It was a labour of love, written by two Victorian nature enthusiasts … now a little-known book could improve present-day understanding of a region’s changing landscape. 

The Trees and Shrubs of Fife and Kinross – published in 1879 – is being made more widely available, giving new readers fresh insights into the natural history of both counties.

Only 100 copies of the book by Kirkcaldy linen manufacturer John Jeffrey and St Andrews-based botanist Charles Howie were published, but new technology is about to extend its reach. Until now, just a handful of UK libraries – including Cupar’s Duncan Institute – had publicly accessible copies.

A scanner recently acquired by the Cupar library will enable staff to produce high-resolution copies of the book, which features 29 images by pioneering Burntisland photographer, Andrew Young.

Young’s majestic, sometimes eerie, images give the publication the feel of a Victorian coffee table book, and these glimpses of a world before the motor car are fascinating to contemporary readers.

Library users can access a wealth of information collected by Jeffrey and Howie between 1875 and 1878. Having visited 114 locations, the pair recorded botanical facts and vital statistics on each specimen – from Acacias to Yews – including girth, height and diameter of branches.

The text suggests the authors would be pleased to connect with a 21st century audience. “Records of this kind,” they wrote in the preface, “cannot fail to be of present utility, and of interesting value hereafter.”

OnFife’s Local Studies Supervisor Andrea McMillan says wider availability of the book is well timed: “People have a renewed sense of just how important trees are to our everyday lives. To help create a better future, we should be more aware of the past.

“It would be interesting to find out if any of these trees are still around – and wonderful if efforts could be made to replace those that have been lost over the past 143 years.”

The preface hints that the authors would approve: “Our chief object will be fulfilled if we can interest the reader in the object of arboriculture, or contribute to the information and enjoyment of any lover of nature.”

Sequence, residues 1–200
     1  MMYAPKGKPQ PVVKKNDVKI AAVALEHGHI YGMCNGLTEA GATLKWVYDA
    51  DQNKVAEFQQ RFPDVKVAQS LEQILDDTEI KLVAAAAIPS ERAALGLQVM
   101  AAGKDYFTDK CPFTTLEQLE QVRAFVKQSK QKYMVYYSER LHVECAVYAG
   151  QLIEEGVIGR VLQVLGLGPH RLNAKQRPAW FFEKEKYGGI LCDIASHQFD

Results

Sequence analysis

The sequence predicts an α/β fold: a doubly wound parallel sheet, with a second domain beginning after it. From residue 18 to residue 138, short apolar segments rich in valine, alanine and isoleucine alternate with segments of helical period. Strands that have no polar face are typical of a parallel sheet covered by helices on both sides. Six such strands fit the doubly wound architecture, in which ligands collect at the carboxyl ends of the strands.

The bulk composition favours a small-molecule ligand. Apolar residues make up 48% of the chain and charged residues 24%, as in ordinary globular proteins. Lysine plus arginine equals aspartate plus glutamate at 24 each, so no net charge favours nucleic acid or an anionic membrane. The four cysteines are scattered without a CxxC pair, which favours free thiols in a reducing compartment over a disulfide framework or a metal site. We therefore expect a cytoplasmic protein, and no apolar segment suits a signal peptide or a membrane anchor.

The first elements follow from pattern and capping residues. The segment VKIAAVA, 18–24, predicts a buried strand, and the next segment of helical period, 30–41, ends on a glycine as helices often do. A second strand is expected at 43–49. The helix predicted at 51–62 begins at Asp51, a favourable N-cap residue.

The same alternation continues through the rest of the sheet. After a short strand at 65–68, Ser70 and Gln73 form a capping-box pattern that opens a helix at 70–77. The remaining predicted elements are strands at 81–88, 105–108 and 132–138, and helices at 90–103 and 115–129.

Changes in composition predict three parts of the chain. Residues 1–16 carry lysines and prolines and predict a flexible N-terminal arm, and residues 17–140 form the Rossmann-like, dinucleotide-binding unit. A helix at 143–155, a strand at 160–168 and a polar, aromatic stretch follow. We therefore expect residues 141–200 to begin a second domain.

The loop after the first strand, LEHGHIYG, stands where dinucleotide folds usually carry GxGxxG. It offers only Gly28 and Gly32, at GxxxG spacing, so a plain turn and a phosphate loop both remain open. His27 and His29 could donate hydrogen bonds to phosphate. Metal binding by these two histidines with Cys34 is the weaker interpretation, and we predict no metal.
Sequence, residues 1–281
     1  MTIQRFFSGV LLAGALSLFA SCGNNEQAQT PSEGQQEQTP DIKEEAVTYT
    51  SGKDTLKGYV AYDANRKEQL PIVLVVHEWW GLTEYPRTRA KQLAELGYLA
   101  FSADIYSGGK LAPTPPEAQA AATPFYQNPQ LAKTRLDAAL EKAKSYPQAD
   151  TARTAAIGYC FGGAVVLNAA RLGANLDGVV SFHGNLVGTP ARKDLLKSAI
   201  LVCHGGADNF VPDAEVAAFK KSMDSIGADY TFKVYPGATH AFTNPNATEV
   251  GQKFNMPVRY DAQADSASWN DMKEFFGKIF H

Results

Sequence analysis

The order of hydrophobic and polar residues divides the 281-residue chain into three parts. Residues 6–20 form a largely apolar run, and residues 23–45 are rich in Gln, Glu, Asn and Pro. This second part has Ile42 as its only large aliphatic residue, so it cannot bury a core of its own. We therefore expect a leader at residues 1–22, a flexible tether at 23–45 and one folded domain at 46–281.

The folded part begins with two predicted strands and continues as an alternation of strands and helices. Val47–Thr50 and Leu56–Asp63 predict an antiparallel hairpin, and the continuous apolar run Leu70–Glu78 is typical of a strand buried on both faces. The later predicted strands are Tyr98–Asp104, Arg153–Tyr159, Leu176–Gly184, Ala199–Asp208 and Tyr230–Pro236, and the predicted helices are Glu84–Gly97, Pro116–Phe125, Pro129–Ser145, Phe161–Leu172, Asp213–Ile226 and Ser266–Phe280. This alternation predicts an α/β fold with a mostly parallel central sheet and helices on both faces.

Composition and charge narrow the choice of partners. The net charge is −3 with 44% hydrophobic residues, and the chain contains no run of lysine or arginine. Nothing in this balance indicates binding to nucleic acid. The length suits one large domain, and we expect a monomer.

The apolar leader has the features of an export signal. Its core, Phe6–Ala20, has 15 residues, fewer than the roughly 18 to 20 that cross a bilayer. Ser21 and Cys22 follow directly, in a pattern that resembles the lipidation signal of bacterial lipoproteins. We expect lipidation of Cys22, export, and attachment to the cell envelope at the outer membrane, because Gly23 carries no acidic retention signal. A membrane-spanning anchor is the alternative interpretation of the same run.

Creating new, accessible formats of the book has become possible thanks to a donation from Fife Family History Society to the cultural charity OnFife, which runs Duncan Institute.

OnFife’s Local Studies team, which works closely with the Family History Society, has long-term plans to digitise as much of its archive material as possible. The new scanner will play a key role in the process.

The A2 scanner and cradle, which allows documents to rest in the optimum position for copying, is perfect for items that are too unwieldy or fragile for its existing copiers.

Among them are old and rare books, bound volumes of broadsheet newspapers, historical records, maps and plans, large photographs and a few watercolour pictures.

Andrea says the new scanner means staff can better serve customers: “In the past, we’ve sometimes had to make copies with digital cameras, but the results often left a lot to be desired.

“Now we can scan items easily with less risk of damage. We are also better able to crop photos and home in on details in documents. Nothing beats poring over source materials but digital opens new doors for us.”

Visitors can call Cupar, Kirkcaldy or Dunfermline Carnegie libraries to book an appointment with the Local Studies team – or visit the Local and Family History section on the OnFife website.


Maple, Cambo House

Oak, Lundin House

Plane, Old Avenue, Aberdour

Scots Fir, Big End, Tentsmuir